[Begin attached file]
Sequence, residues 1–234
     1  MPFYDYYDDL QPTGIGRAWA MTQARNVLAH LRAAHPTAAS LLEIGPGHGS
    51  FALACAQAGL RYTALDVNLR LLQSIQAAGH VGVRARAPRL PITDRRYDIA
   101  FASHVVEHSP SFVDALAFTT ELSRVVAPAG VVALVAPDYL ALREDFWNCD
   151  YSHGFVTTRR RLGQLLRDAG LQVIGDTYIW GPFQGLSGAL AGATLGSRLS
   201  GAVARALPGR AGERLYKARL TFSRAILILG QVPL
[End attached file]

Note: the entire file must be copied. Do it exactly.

Sequence, residues 1–234
     1  MPFYDYYDDL QPTGIGRAWA MTQARNVLAH LRAAHPTAAS LLEIGPGHGS
    51  FALACAQAGL RYTALDVNLR LLQSIQAAGH VGVRARAPRL PITDRRYDIA
   101  FASHVVEHSP SFVDALAFTT ELSRVVAPAG VVALVAPDYL ALREDFWNCD
   151  YSHGFVTTRR RLGQLLRDAG LQVIGDTYIW GPFQGLSGAL AGATLGSRLS
   201  GAVARALPGR AGERLYKARL TFSRAILILG QVPL